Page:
A recent study of one of California's most devastating wildland fires by the National Institute of Standards and Technology (NIST) and the U.S. Forest Service (USFS) strongly suggests that measures for reducing structural damage and property loss from wildland urban interface (WUI)* fires are most effective when they are based on accurate assessments of exposure risks both for individual structures and the community as a whole.
The report also describes how the NIST-USFS WUI Hazard Scale provides a state-of-the-art tool for making such assessments and how that data could be linked to improved building codes, standards and practices that will help communities better resist the threat of wildfires.
The Witch Creek/Guejito WUI fire (commonly known as the Witch Fire) was the largest of a series of wildfires that began burning across Southern California on Oct. 20, 2007. It affected areas north and northeast of San Diego, starting in Witch Creek Canyon near Santa Ysabel and quickly spreading westward toward the coast because of strong Santa Ana winds. The Witch Fire burned some 80,000 hectares (nearly 200,000 acres), destroyed more than 1,600 structures, caused an estimated $1.8 billion in property damages and cost $18 million to fight. It also was responsible for two civilian deaths and 39 firefighter injuries.
A NIST-USFS WUI team worked in collaboration with the California Department of Forestry and Fire Protection (CAL FIRE) and the City of San Diego to collect post-incident data within the Witch Fire perimeter. The team focused its effort on The Trails development at Rancho Bernardo, north of San Diego. There were 274 homes in The Trails, with 245 within the fire perimeter. Seventy-four homes were completely destroyed and 16 were partly damaged. Field measurements made by the NIST team included structure particulars, specifically roof type; proximity of combustibles to the structure; and damage to wildland and residential vegetation. Documentation included more than 11,000 photographs.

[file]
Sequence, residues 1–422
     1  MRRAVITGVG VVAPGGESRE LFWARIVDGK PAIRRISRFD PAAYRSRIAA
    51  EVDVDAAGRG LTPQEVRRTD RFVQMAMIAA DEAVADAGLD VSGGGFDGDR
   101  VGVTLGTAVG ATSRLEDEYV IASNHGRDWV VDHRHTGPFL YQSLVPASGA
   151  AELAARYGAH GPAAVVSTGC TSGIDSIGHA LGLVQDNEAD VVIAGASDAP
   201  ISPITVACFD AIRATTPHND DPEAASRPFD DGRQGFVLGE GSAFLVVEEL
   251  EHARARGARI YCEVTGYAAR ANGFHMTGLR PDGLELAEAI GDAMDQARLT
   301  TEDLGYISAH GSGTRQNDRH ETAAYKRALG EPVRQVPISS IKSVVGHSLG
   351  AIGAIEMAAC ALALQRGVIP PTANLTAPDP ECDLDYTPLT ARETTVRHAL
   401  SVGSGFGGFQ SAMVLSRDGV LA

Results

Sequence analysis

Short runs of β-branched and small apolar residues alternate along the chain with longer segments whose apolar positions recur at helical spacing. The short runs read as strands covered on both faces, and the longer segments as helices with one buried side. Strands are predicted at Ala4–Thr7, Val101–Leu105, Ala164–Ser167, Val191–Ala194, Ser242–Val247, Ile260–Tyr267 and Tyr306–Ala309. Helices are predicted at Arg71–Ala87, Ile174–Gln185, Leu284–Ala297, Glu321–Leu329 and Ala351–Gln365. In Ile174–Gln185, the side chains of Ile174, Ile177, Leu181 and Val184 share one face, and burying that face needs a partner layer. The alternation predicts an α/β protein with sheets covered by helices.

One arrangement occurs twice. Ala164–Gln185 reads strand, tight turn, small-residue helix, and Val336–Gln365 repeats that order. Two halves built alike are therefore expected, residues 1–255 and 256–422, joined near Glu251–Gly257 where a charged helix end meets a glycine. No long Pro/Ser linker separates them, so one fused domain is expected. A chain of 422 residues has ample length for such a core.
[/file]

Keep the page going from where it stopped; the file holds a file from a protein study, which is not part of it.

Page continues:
The data collected and analyzed were used in two separate NIST-USFS reports. The first, issued in 2009, created a detailed timeline of the Witch Fire, tracked its impact on the community, and documented defensive actions taken by homeowners and first responders. The latest study evaluates the effectiveness of those mitigation techniques addressing exposure risks—as defined by the WUI Hazard Scale—associated with direct fire contact and ignition by embers.
"This is the first time anyone has looked at wildfire impact by evaluating pre-event exposure risks throughout an entire community and how those risks affected the defensive actions that were in place," says Alexander Maranghides, lead author of both Witch Fire reports.
What the researchers found was that the majority of defensive strategies used in The Trails were effective and that the level of effectiveness was correlated to fire and ember exposure. Damage and destruction were more prevalent in structures assessed by the WUI Hazard Scale as having been at highest risk from fire and embers. Accordingly, defensive actions were more than twice as effective in saving structures in low-exposure sections of the community as compared to high-risk areas.
Maranghides says that a pre-event knowledge of exposure risks also may be helpful in determining how firefighters attack a WUI fire. "Our data show that it's probably best to fight fires in low-exposure areas because there's a greater chance that they can be suppressed and with less danger to the crews," he explains. "It may be better to sacrifice structures in high-exposure areas than risk the loss of firefighter lives in unwinnable situations."